$2.3 Million Grant is Expected to Make Ripples in Science Education
Dr. Doug Lombardi (PI) along with Dr. Janelle Bailey (Co-PI) have been awarded $2.3 million for their project, Engaging Students in the Scientific Practices: Evaluating Evidence and Explanation in Secondary Earth Science from the National Science Foundation (NSF) for their project’s objective that will positively impact the science education field at larger scale.
Drs. Lombardi and Bailey are aiming to change the curricula of high school science courses as well as create a stronger scientific thought process among high school students. Instead of students simply memorizing and accepting polarizing facts, the modules will focus on the context surrounding such facts. This will encourage high school students to independently use critical thinking skills to better understand the world around them. The project will build a deeper understanding of phenomenal events such as extreme weather, formation of the universe, deep geological disposal of nuclear waste, and availability of freshwater resources.
Dr. Doug Lombardi describes the importance of students developing critical thinking skills within the science field, "The MEL activities move students beyond mere opinions by helping them weigh the merits of scientific explanations compared to plausible, but non-scientific, alternatives. Students do this through scientific and critical thinking. In this project, we hope to extend students' scientific thinking beyond the classroom walls by knowing both what scientists know and how scientists know it."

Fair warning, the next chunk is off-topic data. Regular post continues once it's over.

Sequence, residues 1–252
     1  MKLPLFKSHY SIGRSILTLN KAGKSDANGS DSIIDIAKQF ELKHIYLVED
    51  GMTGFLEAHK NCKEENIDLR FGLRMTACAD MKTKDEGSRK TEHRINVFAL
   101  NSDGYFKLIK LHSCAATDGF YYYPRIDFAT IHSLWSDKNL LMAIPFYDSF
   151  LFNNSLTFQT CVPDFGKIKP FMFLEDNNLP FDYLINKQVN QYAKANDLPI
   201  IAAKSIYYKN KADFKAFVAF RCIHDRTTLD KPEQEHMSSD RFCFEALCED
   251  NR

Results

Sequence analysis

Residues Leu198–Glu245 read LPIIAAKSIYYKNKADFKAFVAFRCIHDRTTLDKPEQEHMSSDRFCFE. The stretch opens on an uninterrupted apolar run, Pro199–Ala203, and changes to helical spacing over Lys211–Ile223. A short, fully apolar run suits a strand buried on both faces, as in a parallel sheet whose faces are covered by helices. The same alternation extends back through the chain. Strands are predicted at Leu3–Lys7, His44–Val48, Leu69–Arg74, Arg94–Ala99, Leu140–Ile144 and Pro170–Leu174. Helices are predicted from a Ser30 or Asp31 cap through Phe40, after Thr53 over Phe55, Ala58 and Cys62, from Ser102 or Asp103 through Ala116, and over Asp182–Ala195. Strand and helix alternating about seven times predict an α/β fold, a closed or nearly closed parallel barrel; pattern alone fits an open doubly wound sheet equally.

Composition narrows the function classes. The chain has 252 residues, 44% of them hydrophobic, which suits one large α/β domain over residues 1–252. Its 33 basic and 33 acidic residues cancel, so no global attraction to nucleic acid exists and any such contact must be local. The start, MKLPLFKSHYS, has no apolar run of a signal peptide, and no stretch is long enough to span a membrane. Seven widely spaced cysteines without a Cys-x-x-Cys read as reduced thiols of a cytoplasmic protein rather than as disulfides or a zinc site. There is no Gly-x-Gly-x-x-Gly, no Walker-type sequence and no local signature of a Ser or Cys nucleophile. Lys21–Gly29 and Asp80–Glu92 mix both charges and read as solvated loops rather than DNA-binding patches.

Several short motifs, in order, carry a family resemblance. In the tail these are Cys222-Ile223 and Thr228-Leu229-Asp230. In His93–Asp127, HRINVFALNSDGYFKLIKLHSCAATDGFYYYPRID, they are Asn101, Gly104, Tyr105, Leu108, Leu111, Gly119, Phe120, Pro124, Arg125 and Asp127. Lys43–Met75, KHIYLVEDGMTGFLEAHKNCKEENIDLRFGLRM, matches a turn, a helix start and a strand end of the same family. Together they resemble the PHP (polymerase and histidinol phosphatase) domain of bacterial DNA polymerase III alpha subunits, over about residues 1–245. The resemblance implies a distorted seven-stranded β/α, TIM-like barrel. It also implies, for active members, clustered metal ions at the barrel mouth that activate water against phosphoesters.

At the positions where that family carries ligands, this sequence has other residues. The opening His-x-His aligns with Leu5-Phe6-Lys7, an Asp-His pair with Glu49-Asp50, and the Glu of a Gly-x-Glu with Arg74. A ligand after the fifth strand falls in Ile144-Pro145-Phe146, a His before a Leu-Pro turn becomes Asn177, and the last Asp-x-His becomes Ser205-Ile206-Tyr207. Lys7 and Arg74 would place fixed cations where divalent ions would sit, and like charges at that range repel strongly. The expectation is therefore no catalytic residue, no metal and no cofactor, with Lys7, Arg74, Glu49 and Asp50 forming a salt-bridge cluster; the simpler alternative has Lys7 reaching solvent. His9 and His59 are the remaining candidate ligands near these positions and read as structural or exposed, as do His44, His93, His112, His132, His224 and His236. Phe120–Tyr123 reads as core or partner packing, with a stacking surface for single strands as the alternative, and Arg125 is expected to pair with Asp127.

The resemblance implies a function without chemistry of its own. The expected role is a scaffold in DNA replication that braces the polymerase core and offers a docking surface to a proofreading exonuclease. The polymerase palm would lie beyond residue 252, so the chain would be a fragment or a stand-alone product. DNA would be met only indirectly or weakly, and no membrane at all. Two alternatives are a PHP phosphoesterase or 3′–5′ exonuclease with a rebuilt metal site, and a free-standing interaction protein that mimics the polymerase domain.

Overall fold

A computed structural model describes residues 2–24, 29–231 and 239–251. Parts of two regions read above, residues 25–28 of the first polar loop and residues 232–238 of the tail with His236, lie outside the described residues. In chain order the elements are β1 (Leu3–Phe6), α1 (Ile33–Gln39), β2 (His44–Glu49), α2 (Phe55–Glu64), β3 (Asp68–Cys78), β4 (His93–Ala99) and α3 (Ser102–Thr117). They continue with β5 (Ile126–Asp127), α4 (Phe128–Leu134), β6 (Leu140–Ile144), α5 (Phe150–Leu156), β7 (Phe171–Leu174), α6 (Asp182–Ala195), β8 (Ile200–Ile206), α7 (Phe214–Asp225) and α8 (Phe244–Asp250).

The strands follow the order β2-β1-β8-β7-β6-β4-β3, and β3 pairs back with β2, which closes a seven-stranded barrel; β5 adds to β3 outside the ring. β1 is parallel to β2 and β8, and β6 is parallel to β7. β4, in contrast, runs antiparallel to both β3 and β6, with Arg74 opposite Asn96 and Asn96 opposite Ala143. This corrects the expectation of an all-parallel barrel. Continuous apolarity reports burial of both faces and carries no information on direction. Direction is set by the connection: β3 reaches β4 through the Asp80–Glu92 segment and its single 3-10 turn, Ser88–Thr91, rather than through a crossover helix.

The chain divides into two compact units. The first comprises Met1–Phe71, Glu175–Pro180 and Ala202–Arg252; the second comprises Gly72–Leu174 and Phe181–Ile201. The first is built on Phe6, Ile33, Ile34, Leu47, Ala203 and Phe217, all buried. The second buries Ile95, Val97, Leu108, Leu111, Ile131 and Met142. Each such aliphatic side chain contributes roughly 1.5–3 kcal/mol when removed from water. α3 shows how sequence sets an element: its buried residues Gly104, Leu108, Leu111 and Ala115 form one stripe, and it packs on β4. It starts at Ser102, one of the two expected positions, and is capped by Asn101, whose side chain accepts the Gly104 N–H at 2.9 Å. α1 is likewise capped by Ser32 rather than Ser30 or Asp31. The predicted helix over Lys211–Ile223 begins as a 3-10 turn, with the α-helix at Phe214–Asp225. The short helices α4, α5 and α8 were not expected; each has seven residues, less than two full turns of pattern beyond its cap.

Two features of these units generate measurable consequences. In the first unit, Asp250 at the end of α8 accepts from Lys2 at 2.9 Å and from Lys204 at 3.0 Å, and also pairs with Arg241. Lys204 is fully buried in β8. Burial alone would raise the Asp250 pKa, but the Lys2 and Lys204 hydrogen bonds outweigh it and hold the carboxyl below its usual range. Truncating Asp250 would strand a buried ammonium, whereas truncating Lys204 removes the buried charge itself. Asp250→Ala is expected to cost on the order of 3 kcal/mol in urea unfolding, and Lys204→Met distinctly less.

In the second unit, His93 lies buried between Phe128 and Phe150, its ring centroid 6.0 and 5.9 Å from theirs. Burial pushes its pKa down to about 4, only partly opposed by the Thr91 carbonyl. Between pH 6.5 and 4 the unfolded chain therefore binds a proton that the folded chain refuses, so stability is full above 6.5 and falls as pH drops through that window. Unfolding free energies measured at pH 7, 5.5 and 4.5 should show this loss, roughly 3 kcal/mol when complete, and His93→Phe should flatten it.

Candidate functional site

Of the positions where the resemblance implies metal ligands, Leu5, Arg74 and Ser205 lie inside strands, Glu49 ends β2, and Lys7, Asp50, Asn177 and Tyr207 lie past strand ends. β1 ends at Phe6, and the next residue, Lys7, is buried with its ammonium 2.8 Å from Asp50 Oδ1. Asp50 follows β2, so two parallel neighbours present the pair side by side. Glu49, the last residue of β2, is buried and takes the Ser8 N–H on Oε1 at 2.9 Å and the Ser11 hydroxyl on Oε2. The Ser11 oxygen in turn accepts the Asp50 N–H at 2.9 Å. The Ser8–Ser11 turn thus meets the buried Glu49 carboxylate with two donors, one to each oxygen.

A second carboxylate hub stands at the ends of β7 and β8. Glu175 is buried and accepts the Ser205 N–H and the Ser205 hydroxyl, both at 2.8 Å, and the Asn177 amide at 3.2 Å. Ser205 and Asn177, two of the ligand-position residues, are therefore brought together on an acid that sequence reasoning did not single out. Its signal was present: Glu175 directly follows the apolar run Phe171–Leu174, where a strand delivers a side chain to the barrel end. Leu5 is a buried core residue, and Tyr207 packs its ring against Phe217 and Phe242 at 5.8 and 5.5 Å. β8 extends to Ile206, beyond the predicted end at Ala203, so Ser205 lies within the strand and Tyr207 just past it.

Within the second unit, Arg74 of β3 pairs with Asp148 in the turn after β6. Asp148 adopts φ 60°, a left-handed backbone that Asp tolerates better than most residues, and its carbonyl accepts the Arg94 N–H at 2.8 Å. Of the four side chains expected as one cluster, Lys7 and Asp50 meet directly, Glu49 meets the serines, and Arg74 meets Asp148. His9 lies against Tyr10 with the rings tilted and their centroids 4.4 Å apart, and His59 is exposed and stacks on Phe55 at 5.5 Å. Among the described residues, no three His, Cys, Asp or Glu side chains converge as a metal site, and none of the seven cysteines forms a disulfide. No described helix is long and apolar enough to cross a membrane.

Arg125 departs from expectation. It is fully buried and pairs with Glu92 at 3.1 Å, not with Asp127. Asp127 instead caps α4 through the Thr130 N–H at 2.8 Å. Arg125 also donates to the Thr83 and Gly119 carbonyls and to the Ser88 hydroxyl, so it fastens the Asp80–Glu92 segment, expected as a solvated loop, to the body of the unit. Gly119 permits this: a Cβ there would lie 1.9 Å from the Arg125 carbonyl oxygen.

Drs. Lombardi and Bailey will work with teachers and faculty from Girard College in Philadelphia, the University of North Georgia, Forsyth County School District in Georgia, School District of the Chathams in New Jersey, and TERC (a nonprofit education research and development organization). The diverse collaboration between the teachers and Drs. Lombardi and Bailey are a critical component to this project. The teachers will evaluate how the modules are performing among their students on a regular basis.
“We are very excited to have this opportunity to expand our work to more teachers through our partnerships in Philadelphia, New Jersey, and Georgia. Working with teachers to develop the MEL activities helps ensure that they are relevant and useful in real classrooms,” said Dr. Janelle Bailey.
By the end of the fourth year, the $2.3 million grant promises to yield important findings that Drs. Lombardi and Bailey hope will allow the modules to be incorporated into classrooms nationwide.
- Breanna Pegula